A FOUNDATION FOR REFORM
In an editorial on college sports in its March/April issue, Foundation News, a magazine for nonprofit and philanthropic organizations, called for an end to athletic scholarships, off-season practice, freshman eligibility, large-scale recruiting and huge coaching staffs.
While its wish list may be unrealistic, the magazine floated an additional idea that would put some clout behind the reform of college sports. It urged the foundations and corporations that give money to colleges and universities to make the integrity of a school's athletic program one of the conditions for providing grants. Concluded Foundation News: "That kind of pressure would in fact make life easier for reform-minded presidents."
How much clout are we talking about? Last year higher education received more than $3 billion in corporate and philanthropic grants.
BLAST FROM THE PAST
This is from a statement by the Carnegie Foundation for the Advancement of Teaching: "College sports have been developed from games played by boys for pleasure into systematic athletic contests for the glory and, too often, for the financial profit of the college." Those words were written in 1929.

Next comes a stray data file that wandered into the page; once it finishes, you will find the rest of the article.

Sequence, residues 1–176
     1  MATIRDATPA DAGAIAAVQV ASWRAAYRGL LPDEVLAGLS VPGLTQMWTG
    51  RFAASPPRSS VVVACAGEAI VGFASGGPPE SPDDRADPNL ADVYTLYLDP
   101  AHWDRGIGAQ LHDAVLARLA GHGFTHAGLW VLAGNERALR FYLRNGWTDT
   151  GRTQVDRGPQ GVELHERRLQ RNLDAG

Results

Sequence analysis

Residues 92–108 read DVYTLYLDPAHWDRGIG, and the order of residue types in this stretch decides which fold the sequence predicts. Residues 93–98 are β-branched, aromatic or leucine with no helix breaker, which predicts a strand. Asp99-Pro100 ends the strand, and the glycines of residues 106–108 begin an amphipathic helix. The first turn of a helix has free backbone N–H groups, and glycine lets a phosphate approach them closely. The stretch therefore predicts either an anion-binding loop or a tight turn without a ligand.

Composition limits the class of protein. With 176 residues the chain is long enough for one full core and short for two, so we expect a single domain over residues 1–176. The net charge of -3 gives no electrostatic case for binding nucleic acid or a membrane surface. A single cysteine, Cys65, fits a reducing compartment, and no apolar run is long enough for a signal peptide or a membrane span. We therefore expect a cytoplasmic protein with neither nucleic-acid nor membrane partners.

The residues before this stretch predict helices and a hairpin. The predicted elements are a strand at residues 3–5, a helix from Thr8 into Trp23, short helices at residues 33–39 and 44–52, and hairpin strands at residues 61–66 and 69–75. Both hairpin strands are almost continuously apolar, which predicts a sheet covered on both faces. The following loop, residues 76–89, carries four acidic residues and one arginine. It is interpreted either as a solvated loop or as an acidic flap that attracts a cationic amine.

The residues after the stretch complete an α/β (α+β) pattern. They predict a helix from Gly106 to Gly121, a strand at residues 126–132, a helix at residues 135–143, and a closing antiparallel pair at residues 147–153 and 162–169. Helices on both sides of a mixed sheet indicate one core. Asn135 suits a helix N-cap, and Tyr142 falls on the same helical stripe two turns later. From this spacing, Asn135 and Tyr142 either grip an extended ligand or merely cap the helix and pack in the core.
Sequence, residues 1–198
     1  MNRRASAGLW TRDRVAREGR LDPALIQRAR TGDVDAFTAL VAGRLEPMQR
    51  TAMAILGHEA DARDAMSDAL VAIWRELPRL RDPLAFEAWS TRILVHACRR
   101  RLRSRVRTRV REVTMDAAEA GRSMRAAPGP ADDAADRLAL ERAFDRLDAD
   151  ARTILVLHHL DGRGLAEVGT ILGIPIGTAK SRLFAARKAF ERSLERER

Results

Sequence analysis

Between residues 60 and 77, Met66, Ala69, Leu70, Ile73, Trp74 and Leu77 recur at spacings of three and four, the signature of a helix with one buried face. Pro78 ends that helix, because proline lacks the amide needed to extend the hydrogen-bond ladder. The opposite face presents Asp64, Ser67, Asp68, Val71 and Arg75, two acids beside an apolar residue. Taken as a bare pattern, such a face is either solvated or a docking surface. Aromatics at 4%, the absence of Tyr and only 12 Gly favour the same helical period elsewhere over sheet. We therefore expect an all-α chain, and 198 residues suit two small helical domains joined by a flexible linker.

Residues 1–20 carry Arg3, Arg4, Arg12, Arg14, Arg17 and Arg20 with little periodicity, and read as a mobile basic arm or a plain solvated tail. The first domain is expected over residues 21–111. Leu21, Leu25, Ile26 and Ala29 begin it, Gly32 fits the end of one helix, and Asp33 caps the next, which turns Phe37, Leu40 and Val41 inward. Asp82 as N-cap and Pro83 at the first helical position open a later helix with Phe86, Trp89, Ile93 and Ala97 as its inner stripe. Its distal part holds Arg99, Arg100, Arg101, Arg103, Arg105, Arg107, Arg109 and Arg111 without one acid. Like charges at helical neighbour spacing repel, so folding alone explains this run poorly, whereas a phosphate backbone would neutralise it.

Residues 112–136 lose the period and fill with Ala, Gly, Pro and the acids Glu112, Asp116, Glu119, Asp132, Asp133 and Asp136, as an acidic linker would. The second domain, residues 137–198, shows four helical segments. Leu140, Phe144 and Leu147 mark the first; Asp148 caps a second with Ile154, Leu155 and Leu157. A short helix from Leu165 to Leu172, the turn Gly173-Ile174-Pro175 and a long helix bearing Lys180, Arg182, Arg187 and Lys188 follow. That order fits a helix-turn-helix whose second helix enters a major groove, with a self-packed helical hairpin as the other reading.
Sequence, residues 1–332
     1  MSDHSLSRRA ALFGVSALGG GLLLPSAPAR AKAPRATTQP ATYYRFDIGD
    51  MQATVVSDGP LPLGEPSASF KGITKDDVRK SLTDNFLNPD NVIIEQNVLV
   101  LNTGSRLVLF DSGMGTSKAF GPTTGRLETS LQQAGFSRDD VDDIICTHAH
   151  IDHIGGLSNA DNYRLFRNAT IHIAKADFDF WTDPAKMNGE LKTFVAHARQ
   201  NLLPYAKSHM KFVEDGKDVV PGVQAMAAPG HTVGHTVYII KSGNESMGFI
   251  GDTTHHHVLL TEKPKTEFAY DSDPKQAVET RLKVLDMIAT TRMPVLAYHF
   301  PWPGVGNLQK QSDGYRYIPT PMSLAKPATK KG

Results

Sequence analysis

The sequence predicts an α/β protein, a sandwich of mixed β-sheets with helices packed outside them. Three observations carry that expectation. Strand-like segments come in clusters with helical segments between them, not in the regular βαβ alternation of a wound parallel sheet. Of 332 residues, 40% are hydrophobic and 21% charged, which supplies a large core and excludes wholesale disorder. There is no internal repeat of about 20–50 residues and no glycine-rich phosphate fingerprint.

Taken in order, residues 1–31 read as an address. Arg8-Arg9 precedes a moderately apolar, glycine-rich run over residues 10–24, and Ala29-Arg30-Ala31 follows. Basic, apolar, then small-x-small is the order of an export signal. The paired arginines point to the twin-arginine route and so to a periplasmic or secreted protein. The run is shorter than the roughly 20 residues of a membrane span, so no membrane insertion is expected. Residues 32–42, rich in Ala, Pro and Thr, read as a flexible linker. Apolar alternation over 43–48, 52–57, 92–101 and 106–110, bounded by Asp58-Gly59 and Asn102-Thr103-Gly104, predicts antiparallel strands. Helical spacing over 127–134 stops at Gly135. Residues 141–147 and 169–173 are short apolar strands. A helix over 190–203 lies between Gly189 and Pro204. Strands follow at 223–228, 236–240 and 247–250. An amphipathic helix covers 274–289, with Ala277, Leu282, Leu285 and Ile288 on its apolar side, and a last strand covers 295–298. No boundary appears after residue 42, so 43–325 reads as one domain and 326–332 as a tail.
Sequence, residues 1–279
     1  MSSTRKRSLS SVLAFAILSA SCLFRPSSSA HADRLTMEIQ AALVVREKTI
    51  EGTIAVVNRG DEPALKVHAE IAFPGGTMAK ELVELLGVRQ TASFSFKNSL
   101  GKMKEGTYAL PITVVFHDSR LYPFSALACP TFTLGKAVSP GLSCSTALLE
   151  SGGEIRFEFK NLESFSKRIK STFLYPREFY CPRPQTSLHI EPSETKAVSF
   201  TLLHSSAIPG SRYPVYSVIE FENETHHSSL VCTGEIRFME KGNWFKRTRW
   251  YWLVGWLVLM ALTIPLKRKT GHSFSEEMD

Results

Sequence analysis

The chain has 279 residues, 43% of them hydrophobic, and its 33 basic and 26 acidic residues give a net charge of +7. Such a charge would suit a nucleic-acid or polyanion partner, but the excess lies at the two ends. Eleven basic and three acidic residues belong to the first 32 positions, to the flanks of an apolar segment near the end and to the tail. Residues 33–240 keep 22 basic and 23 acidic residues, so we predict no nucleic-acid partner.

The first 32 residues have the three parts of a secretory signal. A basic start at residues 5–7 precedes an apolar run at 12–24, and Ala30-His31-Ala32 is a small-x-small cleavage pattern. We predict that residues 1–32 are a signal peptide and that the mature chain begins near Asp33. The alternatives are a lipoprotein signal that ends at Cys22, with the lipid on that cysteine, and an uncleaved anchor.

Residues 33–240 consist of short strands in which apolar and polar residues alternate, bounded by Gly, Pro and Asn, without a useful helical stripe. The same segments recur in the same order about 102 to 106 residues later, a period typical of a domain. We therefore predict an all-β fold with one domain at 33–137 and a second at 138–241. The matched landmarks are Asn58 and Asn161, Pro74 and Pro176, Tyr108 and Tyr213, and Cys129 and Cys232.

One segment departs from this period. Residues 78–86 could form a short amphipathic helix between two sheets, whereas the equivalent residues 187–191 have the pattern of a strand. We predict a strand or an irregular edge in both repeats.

Last week Brian Tribble was acquitted by a jury on charges connected with the cocaine-induced death last year of University of Maryland basketball star Len Bias (SI, June 30). In the aftermath of Bias's death, Terrapin basketball coach Lefty Driesell and athletic director Dick Dull resigned, and the university restructured its academic guidelines for athletes. Maryland also began a major initiative aimed at curbing drug abuse among students. After the verdict in the Tribble case was announced last Wednesday, the university's vice chancellor, A.H. (Bud) Edwards, said, "We think the legal system has done its job, and it's over."
Or is it? While questions remain as to who did supply Bias with his fatal dose, the basketball star's mother, Lonise Bias, continues her one-woman crusade against drugs, a campaign that has seen her make more than 60 antidrug speeches from Washington, D.C., to Hawaii.
PUTTING ON THE DOG
It may be true that every dog will have his day, but P's Rambling isn't just any dog. Perhaps the fastest greyhound of all time, "the Ram" was given a retirement party on Saturday at the Delray Beach, Fla., home of his owners, James and Sheila Paul. Cake and champagne were served, although the Ram and his friends stuck to more traditional chow, and various dog dignitaries from around South Florida offered toasts. "The biggest heart of any dog I've ever had," said trainer Clarence Connick, who has been involved in greyhound racing for 60 of his 72 years. Following the party, the Ram was whisked by limousine to Biscayne Dog Track in Miami, where he was honored at a special ceremony. After resting on his laurels for a day, the 68-pound, 3-year-old brindle was flown by private jet to a greyhound farm in Abilene, Kans., where he will spend many of his remaining days at stud.